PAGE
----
Designers are great mediators.

Designers, especially industrial designers, tend to be the one common touch point between the client, sales, marketing, manufacturing, sourcing…on and on. Virtually everyone in the process works with the design team. And whether you like it or not, everyone basically has their own interests at heart, at least at a low-level. The designer is a natural-born mediator that is able to take complex situations and craft solutions that pretty much make everyone happy. Designers are extraordinary communicators, and salesmen, who can work with various parties to reach a consensus. It goes without saying that designers are excellent at managing projects as well; making sure everything goes off without a hitch. Given the opportunity, I feel this is probably the one area where clients can benefit the most from hiring a designer. They are professional problem solvers, and that goes for more than just the task at hand.

Designers are focused on the solution.

A good designer does what is right for your brand, organization and the world. An independent design consultant makes design and material decisions based on research and the needs of everyone involved; even beyond the scope of what the client has outlined. Good design is holistic and well thought out. You may be hesitant to pay for design, or you may be getting “free” design from your vendors. Consider pushing the “competition” portion of your project downstream to allow the focus to be on your needs, and you gain a valuable team asset, the designer, in the process. An independent designer isn’t worried about whether he or she will get a purchase order or something can be made in-house. They are focused on creating delightful solutions that are manufacture-able and executable at retail to the benefit of brand, retailer, consumer and world.

There are other ways a retail designer can help with your project; the ones I outlined here are just a few. Whether you are an independent retailer, a consumer product brand or a larger retailer, considering talking to a designer for your next project. I guarantee you that the value they bring will far outweigh the cost.

If you are interested in learning more about what our team can do to help with your next retail project, contact me at chris@chrisweiganddesign.com or by phone at (330) 858-8926.

—–

Chris Weigand 

President, Chris Weigand Design

Peninsula, Ohio

We are a full service design consultancy specializing in retail design solutions for independent and chain retailers. We provided clients with research, design, sourcing and  project management services that assure they are getting world class solutions that delight their guests and enhance their brand in the marketplace.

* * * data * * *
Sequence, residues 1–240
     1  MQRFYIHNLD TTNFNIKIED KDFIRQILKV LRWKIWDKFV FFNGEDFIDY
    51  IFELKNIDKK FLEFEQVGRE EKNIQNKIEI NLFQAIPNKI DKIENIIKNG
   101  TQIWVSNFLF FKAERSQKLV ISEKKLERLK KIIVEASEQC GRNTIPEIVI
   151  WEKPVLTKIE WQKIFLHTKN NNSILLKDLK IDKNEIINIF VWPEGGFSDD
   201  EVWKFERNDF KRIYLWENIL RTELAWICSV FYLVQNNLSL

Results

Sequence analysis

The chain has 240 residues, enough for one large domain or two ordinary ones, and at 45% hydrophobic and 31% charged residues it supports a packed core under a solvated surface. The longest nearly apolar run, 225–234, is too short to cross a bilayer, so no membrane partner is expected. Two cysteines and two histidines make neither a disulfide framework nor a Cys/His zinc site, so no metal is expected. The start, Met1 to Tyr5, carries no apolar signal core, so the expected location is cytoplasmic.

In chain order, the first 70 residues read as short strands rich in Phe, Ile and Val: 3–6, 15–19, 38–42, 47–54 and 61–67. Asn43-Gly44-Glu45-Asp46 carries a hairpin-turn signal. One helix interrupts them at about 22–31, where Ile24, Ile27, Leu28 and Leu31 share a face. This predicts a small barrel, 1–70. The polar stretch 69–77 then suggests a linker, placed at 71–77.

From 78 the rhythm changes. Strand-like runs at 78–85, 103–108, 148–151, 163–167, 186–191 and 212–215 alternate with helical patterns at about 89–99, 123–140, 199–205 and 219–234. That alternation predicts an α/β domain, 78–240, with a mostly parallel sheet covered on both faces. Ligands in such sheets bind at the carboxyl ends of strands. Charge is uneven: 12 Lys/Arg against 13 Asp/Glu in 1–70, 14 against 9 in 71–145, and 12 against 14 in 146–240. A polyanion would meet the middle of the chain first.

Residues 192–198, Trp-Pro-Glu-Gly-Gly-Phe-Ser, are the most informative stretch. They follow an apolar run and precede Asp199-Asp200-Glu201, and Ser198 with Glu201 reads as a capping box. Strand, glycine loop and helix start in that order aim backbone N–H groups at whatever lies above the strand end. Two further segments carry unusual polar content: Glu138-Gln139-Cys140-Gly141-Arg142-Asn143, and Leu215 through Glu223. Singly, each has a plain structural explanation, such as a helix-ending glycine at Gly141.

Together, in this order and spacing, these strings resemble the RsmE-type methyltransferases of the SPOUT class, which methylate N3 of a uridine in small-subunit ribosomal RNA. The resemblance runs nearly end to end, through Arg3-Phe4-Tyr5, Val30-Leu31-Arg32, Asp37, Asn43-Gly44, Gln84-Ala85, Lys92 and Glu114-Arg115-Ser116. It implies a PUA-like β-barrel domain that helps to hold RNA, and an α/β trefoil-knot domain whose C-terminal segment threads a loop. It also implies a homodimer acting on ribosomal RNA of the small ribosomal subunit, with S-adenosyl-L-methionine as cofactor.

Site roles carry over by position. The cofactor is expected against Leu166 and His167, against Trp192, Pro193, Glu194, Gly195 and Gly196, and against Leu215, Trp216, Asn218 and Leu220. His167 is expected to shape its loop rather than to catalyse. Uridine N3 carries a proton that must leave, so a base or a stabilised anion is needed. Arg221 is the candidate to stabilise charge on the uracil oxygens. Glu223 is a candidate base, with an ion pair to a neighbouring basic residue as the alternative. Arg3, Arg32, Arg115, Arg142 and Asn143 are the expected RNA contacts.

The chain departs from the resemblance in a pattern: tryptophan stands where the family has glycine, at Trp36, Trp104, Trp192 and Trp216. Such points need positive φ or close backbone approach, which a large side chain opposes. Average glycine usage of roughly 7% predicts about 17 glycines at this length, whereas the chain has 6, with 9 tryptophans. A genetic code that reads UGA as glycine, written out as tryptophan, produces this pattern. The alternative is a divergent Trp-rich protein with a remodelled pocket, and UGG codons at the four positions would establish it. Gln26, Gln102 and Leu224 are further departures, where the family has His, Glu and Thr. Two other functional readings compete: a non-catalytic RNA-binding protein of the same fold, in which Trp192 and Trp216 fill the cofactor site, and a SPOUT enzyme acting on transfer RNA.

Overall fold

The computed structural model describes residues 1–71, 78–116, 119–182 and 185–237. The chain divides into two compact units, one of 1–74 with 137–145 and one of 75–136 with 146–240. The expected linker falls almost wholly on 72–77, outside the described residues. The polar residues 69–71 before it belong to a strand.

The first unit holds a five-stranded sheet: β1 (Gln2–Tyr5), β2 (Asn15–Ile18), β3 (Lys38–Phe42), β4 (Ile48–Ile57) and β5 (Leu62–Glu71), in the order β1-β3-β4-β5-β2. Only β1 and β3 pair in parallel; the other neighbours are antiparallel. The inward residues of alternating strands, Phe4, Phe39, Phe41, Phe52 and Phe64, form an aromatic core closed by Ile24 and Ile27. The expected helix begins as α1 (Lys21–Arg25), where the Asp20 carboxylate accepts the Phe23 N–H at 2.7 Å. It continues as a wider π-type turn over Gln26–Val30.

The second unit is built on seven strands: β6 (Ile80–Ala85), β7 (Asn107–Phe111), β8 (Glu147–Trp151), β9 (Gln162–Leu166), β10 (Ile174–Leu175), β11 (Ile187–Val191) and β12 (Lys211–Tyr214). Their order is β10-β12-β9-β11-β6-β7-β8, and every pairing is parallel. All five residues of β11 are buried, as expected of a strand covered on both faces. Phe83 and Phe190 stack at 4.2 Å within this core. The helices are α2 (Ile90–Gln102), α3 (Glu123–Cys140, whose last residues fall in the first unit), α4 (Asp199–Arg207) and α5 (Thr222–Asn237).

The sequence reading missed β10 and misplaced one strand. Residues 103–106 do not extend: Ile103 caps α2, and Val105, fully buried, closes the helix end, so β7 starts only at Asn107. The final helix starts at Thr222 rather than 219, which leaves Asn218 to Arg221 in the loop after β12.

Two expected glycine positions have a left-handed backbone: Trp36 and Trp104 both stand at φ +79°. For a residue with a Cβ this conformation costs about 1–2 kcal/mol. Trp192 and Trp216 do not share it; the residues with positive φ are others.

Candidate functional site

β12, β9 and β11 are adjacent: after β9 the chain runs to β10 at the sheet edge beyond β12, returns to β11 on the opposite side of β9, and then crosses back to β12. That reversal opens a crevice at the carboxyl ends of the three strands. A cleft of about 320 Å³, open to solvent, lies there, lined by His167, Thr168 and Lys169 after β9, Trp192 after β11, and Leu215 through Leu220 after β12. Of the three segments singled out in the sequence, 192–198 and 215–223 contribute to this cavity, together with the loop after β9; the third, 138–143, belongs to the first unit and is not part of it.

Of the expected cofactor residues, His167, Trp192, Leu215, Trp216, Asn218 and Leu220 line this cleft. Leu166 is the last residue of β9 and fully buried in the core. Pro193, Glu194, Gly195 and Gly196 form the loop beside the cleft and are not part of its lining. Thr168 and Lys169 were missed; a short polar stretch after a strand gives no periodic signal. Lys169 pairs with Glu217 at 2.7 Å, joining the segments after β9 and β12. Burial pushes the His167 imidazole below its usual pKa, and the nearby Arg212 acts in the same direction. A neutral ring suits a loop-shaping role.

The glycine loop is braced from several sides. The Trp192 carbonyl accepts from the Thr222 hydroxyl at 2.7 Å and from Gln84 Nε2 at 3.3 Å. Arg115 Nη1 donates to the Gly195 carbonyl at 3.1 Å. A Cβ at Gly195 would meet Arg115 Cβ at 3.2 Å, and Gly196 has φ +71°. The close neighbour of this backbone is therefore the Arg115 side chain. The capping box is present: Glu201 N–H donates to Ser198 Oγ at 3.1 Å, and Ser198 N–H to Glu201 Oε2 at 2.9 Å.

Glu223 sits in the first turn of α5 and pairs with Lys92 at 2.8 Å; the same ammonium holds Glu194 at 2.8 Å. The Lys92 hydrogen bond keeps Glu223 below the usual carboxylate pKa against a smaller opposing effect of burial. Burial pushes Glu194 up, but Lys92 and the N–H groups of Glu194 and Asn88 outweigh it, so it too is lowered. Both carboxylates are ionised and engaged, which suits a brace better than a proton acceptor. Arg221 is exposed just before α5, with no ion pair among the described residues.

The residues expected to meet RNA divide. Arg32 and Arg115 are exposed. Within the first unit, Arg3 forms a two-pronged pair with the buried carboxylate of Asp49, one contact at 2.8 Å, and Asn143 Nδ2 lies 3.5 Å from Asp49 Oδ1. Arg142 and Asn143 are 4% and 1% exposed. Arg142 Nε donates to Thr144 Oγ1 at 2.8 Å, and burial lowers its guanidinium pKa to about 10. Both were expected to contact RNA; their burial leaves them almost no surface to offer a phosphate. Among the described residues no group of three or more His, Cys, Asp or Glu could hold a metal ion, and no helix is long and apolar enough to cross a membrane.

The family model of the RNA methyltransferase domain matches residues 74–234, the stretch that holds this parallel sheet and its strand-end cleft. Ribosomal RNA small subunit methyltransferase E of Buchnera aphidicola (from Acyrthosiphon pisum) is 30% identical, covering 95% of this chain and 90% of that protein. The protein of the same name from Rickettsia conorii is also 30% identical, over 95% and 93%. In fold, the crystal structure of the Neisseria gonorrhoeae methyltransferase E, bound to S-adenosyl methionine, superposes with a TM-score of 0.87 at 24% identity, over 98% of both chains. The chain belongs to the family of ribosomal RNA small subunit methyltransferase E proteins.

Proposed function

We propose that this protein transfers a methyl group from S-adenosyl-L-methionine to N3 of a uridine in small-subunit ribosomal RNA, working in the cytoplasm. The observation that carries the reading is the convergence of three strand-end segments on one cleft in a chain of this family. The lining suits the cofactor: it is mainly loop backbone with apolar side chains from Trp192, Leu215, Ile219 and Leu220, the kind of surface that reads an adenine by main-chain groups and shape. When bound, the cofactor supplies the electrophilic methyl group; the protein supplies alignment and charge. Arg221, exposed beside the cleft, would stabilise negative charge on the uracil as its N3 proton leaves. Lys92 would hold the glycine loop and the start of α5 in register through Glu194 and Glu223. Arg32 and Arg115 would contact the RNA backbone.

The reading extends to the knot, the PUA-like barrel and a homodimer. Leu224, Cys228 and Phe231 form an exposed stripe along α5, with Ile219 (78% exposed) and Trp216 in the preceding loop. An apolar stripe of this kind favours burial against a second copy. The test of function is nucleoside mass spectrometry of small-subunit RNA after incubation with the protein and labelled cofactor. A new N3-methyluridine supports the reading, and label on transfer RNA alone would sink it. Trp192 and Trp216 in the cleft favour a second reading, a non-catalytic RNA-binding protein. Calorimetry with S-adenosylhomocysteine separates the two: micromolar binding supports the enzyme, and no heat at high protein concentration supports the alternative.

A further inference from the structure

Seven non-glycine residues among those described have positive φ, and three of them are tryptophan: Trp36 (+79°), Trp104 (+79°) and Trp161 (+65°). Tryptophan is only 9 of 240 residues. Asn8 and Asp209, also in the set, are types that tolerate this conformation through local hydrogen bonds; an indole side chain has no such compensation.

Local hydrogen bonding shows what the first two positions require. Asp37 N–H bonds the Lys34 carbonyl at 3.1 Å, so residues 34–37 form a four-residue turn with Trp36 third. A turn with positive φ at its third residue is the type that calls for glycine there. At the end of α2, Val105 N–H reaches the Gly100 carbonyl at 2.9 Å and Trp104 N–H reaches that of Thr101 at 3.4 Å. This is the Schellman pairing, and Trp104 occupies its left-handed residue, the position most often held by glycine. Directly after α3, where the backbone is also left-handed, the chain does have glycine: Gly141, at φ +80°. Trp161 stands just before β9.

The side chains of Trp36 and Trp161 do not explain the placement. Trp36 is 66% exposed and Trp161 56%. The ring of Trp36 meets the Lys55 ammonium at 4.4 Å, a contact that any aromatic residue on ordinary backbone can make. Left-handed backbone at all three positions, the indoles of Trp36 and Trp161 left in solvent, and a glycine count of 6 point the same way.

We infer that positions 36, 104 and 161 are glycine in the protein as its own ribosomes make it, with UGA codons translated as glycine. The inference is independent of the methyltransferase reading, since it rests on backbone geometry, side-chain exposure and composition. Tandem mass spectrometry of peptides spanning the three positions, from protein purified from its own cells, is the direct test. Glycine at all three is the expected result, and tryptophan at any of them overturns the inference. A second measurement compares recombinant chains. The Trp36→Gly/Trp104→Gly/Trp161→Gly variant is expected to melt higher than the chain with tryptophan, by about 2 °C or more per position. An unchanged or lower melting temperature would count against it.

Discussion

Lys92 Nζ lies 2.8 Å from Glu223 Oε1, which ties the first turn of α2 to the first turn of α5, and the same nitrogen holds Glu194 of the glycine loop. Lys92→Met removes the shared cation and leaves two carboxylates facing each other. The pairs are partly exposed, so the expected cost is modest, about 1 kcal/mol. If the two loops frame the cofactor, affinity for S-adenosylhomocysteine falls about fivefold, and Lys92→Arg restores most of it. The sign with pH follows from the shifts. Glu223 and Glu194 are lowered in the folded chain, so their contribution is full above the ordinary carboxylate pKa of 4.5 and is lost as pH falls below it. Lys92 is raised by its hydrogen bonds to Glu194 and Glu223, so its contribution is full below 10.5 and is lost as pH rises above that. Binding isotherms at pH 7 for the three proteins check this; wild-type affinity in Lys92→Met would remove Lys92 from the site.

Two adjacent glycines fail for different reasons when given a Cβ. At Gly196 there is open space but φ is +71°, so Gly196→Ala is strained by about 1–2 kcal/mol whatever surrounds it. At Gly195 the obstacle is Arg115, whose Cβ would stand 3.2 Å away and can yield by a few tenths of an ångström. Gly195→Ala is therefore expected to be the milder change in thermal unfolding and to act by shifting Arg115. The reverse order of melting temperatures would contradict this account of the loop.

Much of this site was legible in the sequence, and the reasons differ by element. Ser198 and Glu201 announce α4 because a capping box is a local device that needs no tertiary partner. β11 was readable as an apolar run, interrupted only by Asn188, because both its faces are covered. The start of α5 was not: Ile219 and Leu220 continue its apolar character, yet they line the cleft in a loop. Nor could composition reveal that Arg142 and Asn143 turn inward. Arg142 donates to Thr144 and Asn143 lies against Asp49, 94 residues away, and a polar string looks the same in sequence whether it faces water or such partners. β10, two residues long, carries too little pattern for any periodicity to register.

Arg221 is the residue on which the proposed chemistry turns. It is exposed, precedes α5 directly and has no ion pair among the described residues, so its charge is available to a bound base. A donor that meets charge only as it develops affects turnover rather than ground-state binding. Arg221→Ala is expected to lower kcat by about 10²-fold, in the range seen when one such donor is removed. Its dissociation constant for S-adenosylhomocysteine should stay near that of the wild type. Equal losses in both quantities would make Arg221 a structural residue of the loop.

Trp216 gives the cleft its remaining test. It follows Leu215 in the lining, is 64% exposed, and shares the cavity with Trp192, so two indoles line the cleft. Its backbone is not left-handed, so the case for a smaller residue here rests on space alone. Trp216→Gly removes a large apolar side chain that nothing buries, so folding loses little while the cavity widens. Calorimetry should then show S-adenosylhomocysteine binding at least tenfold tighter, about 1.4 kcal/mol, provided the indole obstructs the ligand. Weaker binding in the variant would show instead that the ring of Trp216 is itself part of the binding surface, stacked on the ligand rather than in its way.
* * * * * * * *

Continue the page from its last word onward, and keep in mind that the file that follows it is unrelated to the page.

What Retailers Can Learn From Aldi

The facade is modern and simple; devoid of plants and random sale items.

The facade is modern and simple; devoid of plants and random sale items.

While working on a research project I figured I finally had a reason to stop in and check out our relatively new local Aldi store. For whatever reason I hadn’t found the time to stop previously, despite the fact I live and breathe retail as a designer and consumer. I will say, I was pleasantly surprised and found the store to not be quite what I expected. While I only had time to do a cursory walk though, I came away with a strong positive impression and noticed several things Aldi does well.

Fixture Free Merchandising

As a designer I always (half heatedly) joked that consumers would buy anything from a card board box cut open on the floor if the price was right. Turns out my first impression as I stepped through the doors of Aldi was of exactly that. Wide aisles are flanked by products essentially sitting in the boxes they were shipped in. A warehouse store for food. While this form of merchandising may be how they do retail in Europe (Aldi is a German based company), it’s not as common on this side of the Atlantic. And those that try over here usually provide a middling shopping experience at best. In Aldi I observed some fixed and wheeled racks, and even climate controlled cases, but it was not unusual to see product neatly organized on the floor or by the unadorned checkout. The look screams efficiency, good prices on products and no-frills.

I make my living designing retail displays, fixtures and environments and I’m telling you: you don’t always need it.

This speaks to one of my fundamental goals as a designer: don’t design, and subsequently produce, displays and fixtures unless you need them. Far too often salesmen and marketers focus on displays and fixtures to salvage products and brands. I make my money by designing retail displays, fixtures and environments and I’m telling you, you don’t always need it. Ask yourself, would people purchase my product if I just laid it out in a cardboard box on the floor? What is my brand, and how do I want guests to experience it? How do my displays and fixtures complete or enhance the experience? While just throwing stuff on the floor is an extreme example, don’t be afraid to really question what you do and don’t need to win at retail. Start with your brand, product, packaging and then yes if you need to finish the deal, take a look at the display.